Although most non-compete agreements that I've seen do not have such a provision, there are some employers who've gone to the trouble of inserting a clause in the contract stating that in the event that the employee breaches the non-compete (or, in legalese, "restrictive covenant"), he may be liable for a multiple of the billable work generated by the client that over the past year - and that has now been lost to the company/employer.
So, here's the question: is such a provision an enforceable liquidated damages clause, or is it an unenforceable penalty insofar as New York law is concerned?
Unfortunately, there really isn't a clear-cut answer, or bright-line test because each such clause turns on its own unique facts. That said, New York State's highest court has weighed in on the factors that the courts must look to in order to determine whether the particular liquidated damages clause is enforceable or not, stating:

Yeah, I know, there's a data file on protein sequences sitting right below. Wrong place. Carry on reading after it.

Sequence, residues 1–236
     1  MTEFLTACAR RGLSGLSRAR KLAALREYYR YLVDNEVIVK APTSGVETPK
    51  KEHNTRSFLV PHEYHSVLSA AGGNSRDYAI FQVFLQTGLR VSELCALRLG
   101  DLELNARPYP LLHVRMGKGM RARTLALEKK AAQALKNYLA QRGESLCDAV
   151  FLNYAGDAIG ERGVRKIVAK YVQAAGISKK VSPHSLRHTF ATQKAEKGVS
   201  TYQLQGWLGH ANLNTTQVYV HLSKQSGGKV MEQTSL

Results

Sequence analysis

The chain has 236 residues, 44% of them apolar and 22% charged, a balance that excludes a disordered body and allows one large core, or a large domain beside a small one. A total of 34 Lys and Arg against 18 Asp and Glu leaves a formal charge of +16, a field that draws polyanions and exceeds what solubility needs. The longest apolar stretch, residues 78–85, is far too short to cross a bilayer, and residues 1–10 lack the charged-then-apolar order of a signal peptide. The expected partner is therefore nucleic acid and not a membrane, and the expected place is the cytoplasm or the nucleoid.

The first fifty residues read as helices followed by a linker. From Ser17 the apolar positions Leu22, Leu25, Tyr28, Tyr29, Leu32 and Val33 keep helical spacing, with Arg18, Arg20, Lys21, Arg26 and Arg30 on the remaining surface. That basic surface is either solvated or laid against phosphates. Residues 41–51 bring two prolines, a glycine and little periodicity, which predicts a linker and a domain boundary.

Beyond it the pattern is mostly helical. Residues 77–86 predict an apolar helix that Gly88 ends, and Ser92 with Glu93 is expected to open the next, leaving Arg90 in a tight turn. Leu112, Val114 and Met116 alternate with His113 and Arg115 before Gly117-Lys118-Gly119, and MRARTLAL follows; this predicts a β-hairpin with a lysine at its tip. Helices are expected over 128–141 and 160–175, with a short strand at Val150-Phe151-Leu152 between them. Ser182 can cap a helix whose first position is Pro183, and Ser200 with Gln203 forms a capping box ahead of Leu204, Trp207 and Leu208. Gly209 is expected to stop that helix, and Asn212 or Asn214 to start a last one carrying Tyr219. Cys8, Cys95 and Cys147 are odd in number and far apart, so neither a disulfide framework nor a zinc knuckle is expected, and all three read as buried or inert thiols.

"Liquidated damages provisions, under our precedents, are valid if the "damages flowing from a breach are difficult to ascertain [and under] a provision fixing the damages in advance * * * the amount is a reasonable measure of the anticipated probable harm" (City of Rye v Public Serv. Mut. Ins. Co., 34 NY2d 470, 473). On the other hand, if "the amount fixed is plainly or grossly disproportionate to the probable loss, the provision calls for a penalty and will not be enforced" (Truck Rent-A-Ctr. v Puritan Farms 2nd, 41 NY2d 420, 425)."